Category: IOS fossils
In the classful days of the Internet it made sense to limit the amount of information redistributed between the routing protocols. OSPF was always classless, but RIPv1 wasn’t … and you could get all sorts of crazy routes from RIP that would mess up the rest of your network if they would ever get redistributed into OSPF. To prevent that, Cisco’s engineers introduced the subnets option in the OSPF redistribute command.
Either the OSPF redistribute command is really old (before the distribute-list command started accepting extended ACL which could filter on the subnet mask) or someone was too dumb to use the extended ACL and Cisco had to provide an obvious workaround.
By the time Cisco implemented EIGRP and BGPv4 (IOS release 9.21, 15+ years ago), the absurdity of the classful redistribution was already obvious. These routing protocols accept whatever routes you want to redistribute and their variants of the redistribute command don’t have the subnets keyword. However, nobody ever took steps to remove this fossil from the IOS code.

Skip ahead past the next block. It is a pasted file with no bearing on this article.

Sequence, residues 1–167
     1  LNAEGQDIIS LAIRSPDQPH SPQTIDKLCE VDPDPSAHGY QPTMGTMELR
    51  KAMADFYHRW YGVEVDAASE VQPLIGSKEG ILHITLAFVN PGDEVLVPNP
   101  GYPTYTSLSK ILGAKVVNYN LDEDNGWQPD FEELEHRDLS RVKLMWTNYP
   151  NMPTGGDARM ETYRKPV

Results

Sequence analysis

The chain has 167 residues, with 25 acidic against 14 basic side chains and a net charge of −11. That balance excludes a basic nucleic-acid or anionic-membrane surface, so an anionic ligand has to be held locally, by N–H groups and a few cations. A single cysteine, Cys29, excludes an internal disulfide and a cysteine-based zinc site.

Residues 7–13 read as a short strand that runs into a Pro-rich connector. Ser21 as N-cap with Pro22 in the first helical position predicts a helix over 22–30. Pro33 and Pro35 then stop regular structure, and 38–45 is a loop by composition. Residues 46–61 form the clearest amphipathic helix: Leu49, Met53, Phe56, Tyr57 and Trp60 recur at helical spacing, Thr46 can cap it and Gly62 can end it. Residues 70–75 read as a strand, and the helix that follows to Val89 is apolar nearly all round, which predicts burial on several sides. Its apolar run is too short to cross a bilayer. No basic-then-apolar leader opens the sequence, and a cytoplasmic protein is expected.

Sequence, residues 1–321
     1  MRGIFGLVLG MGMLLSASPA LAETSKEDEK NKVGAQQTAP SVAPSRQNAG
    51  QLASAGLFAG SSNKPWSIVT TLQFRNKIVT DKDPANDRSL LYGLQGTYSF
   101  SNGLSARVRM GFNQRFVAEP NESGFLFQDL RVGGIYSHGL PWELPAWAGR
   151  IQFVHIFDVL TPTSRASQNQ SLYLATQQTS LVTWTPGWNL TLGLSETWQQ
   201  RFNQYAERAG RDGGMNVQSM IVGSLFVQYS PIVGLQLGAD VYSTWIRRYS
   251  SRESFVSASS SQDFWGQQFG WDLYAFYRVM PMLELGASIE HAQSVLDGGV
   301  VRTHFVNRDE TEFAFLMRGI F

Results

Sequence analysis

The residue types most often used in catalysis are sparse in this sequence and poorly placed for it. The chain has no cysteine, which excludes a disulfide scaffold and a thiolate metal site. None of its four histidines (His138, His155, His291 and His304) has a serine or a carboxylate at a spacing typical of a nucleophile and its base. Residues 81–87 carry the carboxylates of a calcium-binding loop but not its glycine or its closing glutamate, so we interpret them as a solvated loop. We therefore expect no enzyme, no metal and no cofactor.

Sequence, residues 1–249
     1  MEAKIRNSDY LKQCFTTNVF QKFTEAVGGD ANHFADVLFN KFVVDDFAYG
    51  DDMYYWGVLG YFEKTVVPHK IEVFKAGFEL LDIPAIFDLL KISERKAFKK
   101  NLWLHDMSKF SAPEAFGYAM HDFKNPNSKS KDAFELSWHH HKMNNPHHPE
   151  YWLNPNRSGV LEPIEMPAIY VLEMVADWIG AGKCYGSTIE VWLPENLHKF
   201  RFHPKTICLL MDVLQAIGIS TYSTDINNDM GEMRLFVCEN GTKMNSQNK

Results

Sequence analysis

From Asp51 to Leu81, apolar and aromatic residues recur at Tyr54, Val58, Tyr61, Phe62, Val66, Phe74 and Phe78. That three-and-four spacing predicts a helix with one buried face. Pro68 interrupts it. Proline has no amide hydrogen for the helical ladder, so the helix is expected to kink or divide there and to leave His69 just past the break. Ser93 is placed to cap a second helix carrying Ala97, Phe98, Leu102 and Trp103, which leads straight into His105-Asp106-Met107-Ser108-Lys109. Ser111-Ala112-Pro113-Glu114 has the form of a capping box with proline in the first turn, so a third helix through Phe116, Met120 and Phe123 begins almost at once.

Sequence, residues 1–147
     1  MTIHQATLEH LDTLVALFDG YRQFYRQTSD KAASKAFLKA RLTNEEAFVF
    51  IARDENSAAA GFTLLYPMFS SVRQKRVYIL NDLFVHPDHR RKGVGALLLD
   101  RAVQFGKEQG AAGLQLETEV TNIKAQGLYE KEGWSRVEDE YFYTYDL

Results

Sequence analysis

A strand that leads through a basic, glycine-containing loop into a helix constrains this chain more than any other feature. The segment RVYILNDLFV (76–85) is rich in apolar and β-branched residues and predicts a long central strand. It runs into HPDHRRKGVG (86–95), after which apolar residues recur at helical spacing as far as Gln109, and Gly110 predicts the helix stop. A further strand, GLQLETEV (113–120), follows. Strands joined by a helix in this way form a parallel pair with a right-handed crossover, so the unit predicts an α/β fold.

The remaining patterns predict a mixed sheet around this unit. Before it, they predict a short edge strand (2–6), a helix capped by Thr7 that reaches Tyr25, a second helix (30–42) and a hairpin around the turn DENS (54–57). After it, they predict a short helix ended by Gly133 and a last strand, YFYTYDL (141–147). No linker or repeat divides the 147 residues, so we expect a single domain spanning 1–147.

Here’s a weird requirement that you could get on a really hard CCIE preparation lab (and hopefully never in a live network): redistribute external OSPF routes from selected ASBRs into BGP without using a route-map on the redistribution router.
For example, assuming R1 and R2 insert external routes into OSPF, you want only routes from R1 to be redistributed into BGP on R3, but you cannot use route-maps on R3.